These experiences are the reasons why the generations’ expectations and characteristics are so different in the work environment. By having such diverse traits and styles in the workplace, the organization runs the risk of creating challenges. Therefore, organizations need to be dynamic in their approach when creating a more inclusive work environment. Creating a work environment that understands and manages these challenges will ensure a workforce that is competitive, efficient, and sustainable.

The aging workforce is one of the biggest challenges to overcome in the organization; younger generations are more concerned with fast track progression and the older generations’ concern is getting the job done. However, individuals from all age groups can learn from each other despite their age differences.

Generation Y admires traditionalists for their expertise and body of knowledge of the organization’s system. Generation X places high significance on self-improvement, therefore, they are constantly seeking opportunities to learn in their work environment. The Baby Boomer generation is open to the idea of mentoring the younger generations. Creating a work environment that understands and manages these challenges will ensure a workforce that is sustainable.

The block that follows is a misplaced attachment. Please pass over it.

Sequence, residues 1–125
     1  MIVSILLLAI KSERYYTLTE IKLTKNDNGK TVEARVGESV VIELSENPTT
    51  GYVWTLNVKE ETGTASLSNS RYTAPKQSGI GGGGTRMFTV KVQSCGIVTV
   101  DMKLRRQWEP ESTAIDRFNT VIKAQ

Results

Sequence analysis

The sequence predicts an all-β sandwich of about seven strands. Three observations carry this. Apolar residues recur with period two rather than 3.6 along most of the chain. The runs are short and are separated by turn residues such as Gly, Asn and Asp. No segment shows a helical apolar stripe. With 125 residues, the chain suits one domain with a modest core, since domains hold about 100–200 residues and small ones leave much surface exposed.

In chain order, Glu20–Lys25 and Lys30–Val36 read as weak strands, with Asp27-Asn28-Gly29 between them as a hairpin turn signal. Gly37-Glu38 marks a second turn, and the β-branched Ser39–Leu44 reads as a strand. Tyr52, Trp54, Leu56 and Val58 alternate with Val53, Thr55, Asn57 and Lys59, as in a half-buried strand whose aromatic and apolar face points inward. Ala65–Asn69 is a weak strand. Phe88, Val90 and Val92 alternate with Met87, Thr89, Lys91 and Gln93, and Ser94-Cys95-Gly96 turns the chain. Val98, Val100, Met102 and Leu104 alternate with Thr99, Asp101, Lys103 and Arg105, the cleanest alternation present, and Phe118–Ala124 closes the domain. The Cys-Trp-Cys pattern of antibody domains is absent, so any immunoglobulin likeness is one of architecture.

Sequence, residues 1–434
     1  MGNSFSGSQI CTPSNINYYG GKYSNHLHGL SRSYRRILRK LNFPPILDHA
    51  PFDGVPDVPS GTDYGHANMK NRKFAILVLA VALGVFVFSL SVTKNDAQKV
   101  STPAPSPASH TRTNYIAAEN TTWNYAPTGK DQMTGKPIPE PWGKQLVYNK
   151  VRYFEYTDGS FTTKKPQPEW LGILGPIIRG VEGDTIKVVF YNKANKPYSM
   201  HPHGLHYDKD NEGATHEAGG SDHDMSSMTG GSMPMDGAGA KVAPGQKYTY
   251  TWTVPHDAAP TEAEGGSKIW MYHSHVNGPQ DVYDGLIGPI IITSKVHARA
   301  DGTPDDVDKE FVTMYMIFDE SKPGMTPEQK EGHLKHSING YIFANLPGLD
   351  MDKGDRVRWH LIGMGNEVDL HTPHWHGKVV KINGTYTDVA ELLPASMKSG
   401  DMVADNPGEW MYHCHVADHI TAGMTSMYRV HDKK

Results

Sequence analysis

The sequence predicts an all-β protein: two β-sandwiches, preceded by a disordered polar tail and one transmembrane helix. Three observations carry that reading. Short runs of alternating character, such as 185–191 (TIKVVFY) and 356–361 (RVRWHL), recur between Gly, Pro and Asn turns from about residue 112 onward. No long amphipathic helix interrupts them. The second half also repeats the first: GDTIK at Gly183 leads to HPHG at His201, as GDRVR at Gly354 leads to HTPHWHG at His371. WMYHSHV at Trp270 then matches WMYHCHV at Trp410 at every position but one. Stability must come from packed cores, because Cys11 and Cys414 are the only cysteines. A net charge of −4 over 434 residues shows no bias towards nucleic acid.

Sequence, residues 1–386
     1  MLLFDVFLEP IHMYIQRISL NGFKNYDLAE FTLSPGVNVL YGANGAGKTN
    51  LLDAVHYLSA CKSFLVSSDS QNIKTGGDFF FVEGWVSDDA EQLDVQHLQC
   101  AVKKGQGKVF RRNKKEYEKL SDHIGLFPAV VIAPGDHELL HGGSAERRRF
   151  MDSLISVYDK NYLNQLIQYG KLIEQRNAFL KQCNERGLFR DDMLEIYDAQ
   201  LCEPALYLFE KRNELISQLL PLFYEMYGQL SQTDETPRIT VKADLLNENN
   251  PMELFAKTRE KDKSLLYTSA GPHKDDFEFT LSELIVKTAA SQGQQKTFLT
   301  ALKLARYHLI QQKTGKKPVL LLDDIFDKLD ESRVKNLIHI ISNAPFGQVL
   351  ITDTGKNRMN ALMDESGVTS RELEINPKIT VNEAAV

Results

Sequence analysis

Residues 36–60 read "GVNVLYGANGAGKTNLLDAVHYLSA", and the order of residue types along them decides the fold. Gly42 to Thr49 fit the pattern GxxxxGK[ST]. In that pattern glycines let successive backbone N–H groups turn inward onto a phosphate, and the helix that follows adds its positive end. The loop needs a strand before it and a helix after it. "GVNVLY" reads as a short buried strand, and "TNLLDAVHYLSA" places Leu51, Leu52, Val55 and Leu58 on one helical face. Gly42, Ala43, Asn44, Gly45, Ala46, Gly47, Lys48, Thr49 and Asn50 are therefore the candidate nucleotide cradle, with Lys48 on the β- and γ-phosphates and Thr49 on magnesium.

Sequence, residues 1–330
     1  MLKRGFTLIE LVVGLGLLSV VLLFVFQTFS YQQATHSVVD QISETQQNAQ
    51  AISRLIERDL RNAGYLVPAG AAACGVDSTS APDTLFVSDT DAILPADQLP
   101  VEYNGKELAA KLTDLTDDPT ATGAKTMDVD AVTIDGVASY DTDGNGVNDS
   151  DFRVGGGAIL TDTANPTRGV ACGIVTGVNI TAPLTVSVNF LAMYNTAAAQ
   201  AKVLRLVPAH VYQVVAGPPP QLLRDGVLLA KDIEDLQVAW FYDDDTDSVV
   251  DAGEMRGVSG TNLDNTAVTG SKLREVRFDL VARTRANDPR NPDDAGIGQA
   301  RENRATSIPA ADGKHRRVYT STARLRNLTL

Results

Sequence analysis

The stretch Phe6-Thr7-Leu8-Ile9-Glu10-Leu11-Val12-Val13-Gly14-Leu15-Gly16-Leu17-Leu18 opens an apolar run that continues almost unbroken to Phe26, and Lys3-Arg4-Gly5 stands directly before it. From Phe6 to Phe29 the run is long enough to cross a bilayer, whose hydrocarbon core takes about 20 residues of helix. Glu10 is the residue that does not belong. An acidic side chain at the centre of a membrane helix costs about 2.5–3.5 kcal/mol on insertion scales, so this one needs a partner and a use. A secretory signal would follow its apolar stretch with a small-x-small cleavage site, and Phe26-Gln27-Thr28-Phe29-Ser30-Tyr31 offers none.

Mentoring

Mentoring in the workplace can have many beneficial outcomes for both parties involved. There is convincing evidence that receiving mentoring is related to success in one’s career.

Since all generations are represented in the workplace these days, there are major differences in work ethic and values. From these differences between generations in the workplace, there are formed opinions about each. Generation Y has the benefit of growing up in a technology era and rely heavily on such systems in their work. Traditionalists are known for being hard workers, putting in overtime, and working for the benefit of their companies. With two totally different ends of the spectrum in generations all working together, could we not learn these work ethics and values from one another? Mentors interact with mentees to pass on a professional legacy and act as a role model to help transform their identity.